The Caledonian Canal is surrounded by the spectacular scenery and mountain ranges of the Scottish Highlands.
Boating holidays are possible between Inverness, the capital of the Highlands, and Fort William in the south.
Loch Ness Boat Hire
The route takes you through Loch Ness, the home of the legendary monster, and the Great Glen through Lochs and canals.
The canal is almost 200 years old, and joins the North Sea and the Atlantic Ocean. It was built to let ships cut off the hazardous trip through the Pentland Firth around the north coast of Scotland.
From our boat base at Laggan, close to Fort William, it is possible to cruise the whole 60 mile length of the canal and back in one week, with time to visit the many bankside villages and attractions.
From Laggan, cruise north to Loch Oich and on to Fort Augustus and legendary Loch Ness, overlooked by the ruins of Urquhart Castle. Further north is the lively city of Inverness, home to a spectacular 19th-century cathedral and several fascinating museums. Alternatively, head south from our boat base to scenic Fort William and mighty Ben Nevis.
The 23 mile long Loch Ness ends at the picturesque village of Fort Augustus with its set of staircase locks. Perhaps visit the Clansman Centre and its glimpse of highland life. From here the route winds through shallower Loch Oich – excellent watersports at Great Glen Water Park - to our base at Laggan Locks before crossing Loch Lochy at the foot of Ben Nevis, the UK’s highest mountain.
See Gairlochy next to Ben Nevis before reaching the end of the navigable waterway at Banavie, and its amazing Neptune’s Staircase of eight locks, close to Fort William at the southern end of the canal.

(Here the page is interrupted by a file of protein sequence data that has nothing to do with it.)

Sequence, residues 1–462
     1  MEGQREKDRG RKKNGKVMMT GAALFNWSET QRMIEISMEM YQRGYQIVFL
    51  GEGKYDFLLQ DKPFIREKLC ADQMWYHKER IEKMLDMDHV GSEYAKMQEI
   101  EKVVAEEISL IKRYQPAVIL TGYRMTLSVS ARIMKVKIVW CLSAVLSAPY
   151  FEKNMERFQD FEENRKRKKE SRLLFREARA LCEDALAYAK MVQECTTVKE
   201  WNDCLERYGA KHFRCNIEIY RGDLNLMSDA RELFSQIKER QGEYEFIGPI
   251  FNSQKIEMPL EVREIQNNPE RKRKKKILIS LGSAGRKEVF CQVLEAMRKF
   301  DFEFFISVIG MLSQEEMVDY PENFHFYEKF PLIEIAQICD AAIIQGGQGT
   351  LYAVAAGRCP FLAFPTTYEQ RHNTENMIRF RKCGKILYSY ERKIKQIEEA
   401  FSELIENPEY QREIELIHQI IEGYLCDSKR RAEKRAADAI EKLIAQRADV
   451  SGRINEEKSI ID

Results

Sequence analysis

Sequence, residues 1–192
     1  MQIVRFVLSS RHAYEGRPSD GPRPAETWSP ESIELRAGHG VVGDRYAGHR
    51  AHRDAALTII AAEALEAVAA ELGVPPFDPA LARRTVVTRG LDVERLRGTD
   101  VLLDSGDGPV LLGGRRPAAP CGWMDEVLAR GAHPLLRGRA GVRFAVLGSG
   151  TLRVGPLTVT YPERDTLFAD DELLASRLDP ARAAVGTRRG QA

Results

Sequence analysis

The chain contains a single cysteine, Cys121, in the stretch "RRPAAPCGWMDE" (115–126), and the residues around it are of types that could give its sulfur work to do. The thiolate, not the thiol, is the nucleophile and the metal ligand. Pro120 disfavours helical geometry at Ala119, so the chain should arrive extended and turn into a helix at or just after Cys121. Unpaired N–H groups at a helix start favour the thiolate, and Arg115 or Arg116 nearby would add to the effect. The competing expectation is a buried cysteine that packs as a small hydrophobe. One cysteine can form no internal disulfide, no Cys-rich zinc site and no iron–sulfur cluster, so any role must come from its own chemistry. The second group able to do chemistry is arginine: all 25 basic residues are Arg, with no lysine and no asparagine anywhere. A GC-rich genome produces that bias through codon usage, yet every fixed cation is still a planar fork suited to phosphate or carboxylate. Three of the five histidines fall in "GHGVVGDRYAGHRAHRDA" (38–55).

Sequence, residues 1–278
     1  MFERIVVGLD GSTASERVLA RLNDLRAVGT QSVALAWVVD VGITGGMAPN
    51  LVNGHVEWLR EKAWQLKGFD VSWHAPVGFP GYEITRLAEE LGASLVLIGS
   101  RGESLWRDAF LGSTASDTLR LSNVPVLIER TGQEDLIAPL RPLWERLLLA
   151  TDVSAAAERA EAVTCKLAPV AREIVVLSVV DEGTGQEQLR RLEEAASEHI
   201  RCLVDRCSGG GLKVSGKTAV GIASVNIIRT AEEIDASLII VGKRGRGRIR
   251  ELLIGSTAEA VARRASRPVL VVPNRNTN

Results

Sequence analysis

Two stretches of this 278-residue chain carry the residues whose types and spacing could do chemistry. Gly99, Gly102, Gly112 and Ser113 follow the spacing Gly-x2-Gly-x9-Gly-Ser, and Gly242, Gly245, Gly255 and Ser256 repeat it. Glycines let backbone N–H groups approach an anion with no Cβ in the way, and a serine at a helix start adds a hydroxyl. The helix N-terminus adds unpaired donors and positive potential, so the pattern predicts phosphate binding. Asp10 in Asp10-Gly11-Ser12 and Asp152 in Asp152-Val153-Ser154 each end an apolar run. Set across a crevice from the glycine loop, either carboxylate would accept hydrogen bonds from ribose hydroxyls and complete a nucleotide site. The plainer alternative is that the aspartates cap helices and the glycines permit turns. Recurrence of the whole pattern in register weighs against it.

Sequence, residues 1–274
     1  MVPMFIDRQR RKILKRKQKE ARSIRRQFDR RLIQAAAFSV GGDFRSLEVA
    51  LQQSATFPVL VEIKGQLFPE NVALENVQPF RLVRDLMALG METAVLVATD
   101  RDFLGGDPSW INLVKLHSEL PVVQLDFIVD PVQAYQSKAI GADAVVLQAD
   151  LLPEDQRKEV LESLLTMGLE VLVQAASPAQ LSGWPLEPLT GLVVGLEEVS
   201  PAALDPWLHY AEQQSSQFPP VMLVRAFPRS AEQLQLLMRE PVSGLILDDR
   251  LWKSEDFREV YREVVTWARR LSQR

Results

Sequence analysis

Perhaps take a trip on the West Highland railway line to Mallaig, a small fishing village on the wild and scenic west coast of Scotland. One of the world’s scenic rail journeys, Harry Potter fans may recognize it as a route used by the Hogwarts Express!
There are many piers and mooring places along Loch Ness and the Great Glen, mostly free of charge. The short canal stretches have only 10 locks, all operated by keepers.
The hotels and pubs offer Scottish Highlands hospitality to boaters – wild salmon, game and venison are local specialities – and of course haggis and highland whisky! For supplies there are village shops and more services in the larger towns.
Along the canal you can enjoy angling, walking, mountain biking, pony trekking, and perhaps spot an eagle or osprey – maybe the Loch Ness monster!
You may see fishing boats, yachts, maybe occasional small ships. Previous boating experience is not essential as boating is limited to non-tidal waters.
The Caledonian Canal and Loch Ness offer a boating holiday with spectacular views in amazing scenery.